These fantasies are easily recognizable in the context of ancient rituals and religion. However, legitimation, redemption, and nostalgia for a lost paradise are also familiar to modern contexts that are imperfectly disguised from their origins. A contemporary vision of lost paradise is perpetuated in a yearning for “simpler” times which were somehow more “real.” Less digital. More tangible. In that distant perfection is a belief that there existed a more human version of ourselves. This attitude that permeates today is a condition amplified through World War II and it survives in plain sight. It is everywhere. Patriarchy was the constitution. Men were real men. Women knew their role and embraced it. There was little push back. People collectively understood the severity of the possibility of a global catastrophe. They simply assumed the roles designated to them. Post-War paradise is an idea conjured by culture–it subjugates and suppresses reality by creating heroes and legends. It is the modern mythical pedestal upon which our culture is wavering.
In Anne Truitt’s, Daybook: The Journal of an Artist, her entry from November 25, 1974 imbues the myth of “simpler” times and exposes those times as the antithesis to idyllic circumstance:
Some part of my generation’s bafflement with our offspring arises, it occurs to me, from our involvement in the Second World War. Catapulted out of our playgrounds into disaster, we were deprived of choices. A vast majority of the men and many of the women spilled into the military; those of us who remained civilians were equally caught up in the country’s effort. We had no time to experiment with our lives. We simply had to lay them on the line. And we didn’t dare plan beyond the war, since we simply had to wait and see who would survive. So when we watch our children darting from flower to flower, we feel anxious, not having behind us a comparable period of youthful ranginess. There is, perhaps, a kind of jealousy too. We had to be so serious so young. And when we sorted matters out after the war, we were older, too old to play, and secretly damaged. We set about the business of living as solemnly as we tried to live in the light of our willingness to give them up.
Conditions of the present never present us with sufficient favorable conditions to be satisfied–we look to the past because the future is indiscernible. Truitt explored time the way all artists explore time-through self-examination. Self-examination through ritual. She attempted to re-create herself and her experience within a complex set of abstract geometry that could always remain contemporary through the viewer’s experience of the object. It was her contention that the art is also the experience, and that it evolves, mutates, and correlates with every individual exchange.
Truitt’s work enters the realm of the primordial occurrence by asserting itself as an immortal object capable of evolution. Her process represents a ritual of reenacting the behaviors of the gods, ancestors, heroes, and legends who created the world as she knew it, through a return to the eternal and the escape of the uncertainties of a mortal existence.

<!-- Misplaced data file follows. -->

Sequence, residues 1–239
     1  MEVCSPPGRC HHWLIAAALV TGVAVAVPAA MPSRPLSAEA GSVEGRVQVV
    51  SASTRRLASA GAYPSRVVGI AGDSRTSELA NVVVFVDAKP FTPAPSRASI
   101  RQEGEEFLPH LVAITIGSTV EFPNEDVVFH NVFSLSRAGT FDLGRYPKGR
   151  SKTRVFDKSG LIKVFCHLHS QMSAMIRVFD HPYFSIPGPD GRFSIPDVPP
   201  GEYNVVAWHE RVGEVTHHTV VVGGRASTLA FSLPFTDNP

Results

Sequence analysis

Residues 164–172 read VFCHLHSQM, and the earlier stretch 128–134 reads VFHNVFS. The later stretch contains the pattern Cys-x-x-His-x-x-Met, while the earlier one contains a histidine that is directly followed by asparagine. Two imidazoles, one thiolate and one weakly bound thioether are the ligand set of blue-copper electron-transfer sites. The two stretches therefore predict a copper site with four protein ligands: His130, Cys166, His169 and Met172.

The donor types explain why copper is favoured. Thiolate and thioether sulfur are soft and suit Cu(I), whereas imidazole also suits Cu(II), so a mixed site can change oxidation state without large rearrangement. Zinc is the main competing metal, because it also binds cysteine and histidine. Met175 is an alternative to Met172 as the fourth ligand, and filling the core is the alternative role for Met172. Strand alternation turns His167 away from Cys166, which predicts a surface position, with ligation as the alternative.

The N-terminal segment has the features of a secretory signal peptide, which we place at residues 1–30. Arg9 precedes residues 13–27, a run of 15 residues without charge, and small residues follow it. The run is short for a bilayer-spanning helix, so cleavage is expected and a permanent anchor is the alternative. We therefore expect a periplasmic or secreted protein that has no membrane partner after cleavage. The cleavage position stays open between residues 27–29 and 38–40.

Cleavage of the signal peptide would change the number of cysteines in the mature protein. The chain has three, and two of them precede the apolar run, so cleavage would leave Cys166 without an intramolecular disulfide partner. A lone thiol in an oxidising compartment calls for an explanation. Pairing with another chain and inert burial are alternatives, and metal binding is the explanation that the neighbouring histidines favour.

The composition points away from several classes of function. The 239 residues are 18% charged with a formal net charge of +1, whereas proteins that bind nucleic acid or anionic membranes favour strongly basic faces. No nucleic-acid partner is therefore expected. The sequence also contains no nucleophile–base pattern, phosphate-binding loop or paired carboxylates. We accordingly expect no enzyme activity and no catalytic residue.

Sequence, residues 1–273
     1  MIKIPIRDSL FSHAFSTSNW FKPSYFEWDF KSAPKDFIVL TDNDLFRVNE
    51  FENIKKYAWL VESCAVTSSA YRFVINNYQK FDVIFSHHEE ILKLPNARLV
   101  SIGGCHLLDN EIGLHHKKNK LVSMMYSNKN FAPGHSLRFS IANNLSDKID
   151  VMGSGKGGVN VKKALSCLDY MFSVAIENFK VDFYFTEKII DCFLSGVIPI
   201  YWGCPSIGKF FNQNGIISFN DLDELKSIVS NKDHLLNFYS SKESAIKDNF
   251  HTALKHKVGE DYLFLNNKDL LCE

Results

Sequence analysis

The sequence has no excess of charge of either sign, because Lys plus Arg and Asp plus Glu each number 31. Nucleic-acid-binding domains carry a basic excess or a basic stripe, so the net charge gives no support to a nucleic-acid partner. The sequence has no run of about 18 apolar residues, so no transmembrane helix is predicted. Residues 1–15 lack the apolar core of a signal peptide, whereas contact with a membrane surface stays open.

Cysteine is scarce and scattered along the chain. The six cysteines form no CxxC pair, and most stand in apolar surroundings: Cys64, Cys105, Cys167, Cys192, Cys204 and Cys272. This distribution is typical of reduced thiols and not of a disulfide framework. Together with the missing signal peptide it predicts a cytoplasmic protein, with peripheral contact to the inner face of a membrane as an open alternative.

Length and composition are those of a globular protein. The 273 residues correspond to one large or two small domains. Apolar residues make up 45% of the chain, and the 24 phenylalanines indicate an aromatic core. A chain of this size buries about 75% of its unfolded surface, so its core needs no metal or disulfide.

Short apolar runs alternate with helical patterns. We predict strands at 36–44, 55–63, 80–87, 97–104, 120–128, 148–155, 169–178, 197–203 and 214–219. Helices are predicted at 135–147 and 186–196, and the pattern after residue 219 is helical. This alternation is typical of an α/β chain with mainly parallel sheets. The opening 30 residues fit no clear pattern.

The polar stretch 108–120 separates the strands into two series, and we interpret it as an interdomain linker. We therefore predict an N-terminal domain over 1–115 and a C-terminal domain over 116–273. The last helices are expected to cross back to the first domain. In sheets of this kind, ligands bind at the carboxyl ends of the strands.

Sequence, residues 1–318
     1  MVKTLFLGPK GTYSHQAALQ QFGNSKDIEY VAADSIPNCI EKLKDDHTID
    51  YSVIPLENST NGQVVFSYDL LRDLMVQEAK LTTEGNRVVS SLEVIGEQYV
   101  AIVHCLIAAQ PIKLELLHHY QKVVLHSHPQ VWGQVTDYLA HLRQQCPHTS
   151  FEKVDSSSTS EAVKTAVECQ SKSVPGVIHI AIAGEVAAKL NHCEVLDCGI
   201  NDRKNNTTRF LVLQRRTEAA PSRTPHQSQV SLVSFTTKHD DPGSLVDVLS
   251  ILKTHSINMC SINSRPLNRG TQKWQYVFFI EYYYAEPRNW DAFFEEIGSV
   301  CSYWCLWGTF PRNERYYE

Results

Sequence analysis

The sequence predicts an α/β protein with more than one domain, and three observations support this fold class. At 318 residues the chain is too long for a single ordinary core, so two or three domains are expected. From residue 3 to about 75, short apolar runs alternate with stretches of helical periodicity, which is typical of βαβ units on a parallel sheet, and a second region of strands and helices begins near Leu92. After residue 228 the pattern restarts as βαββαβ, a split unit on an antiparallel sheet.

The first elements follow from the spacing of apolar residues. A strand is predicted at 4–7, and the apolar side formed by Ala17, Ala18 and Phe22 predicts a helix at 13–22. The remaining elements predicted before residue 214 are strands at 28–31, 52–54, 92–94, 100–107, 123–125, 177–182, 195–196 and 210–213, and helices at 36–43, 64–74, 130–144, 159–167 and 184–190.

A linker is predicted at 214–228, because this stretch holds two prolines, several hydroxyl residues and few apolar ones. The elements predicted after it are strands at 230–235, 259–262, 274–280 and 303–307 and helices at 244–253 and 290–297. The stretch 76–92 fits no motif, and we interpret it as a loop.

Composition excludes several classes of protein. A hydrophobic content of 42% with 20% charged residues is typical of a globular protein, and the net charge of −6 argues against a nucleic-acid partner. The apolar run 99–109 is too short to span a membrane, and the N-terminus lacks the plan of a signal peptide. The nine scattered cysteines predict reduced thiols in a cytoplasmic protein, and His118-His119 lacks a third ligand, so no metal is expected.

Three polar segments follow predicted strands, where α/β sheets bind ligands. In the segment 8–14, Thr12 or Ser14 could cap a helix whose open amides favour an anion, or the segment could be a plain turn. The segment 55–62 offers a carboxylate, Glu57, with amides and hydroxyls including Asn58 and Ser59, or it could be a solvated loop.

As the nostalgia for a lost paradise penetrates our understanding of the world, we look to ritual to provide a prototype for returning. Ritual can furnish a model for developing a new paradise, and it is the medium of access for understanding existing models. Art is ritual. Passing through the gates of their studio, the artist, finds themselves on sacred ground. They are in a place cut off from the common land, and dedicated to developing their ideas. It is consecrated by work. The work manifests in objects meant to articulate their visions of paradisiacal projections which have the ability to accumulate and precipitate cultural change.
The accumulation of culture through ritual practice is the artist acting as a filter. They dissect, discard, reuse, and renew what is calculated as central to their speculations of utopia. Chicago artist, Geoffrey Todd Smith, is a prime example of an artist who uses his practice to induce introspection, which manifests materially as abstract paintings. His titles often reflect his accumulation of shared experience and an insight into the immediacy of his process, while the images conjure a methodology for achieving the internal gaze. His most recent project was executed under a set of rigid parameters that maintained a control of scale, considered material applications, and required an immense dedication of time.
Smith’s 100 3” x 2” paintings–for me–define the idea of a ritual practice that utilizes art as a medium for evoking individually conceived ideas of perfection that will be collectively considered through a learned aesthetic framework. This framework seems to be the conduit that correlates his paradise with the rest of the world.
Lille Carré, another Chicago artist, in a recent show at Western Exhibitions titled The Pleasure of Getting Lost, presents another variation of longing–of being lost in her own maze of ideas. In the exhibition, Carré presents drawings, a book, and animations as her diagrams for solving her self-induced dilemmas. What is of particular interest to me, in this context, is Carré’s drawings of mazes. The maze drawings were shown in juxtaposition to symmetrical drawings of the solutions to the maze. These complex puzzles and their solutions seemed to project a metaphor for describing the artistic process, but they also seemed to call into question what it means to be lost.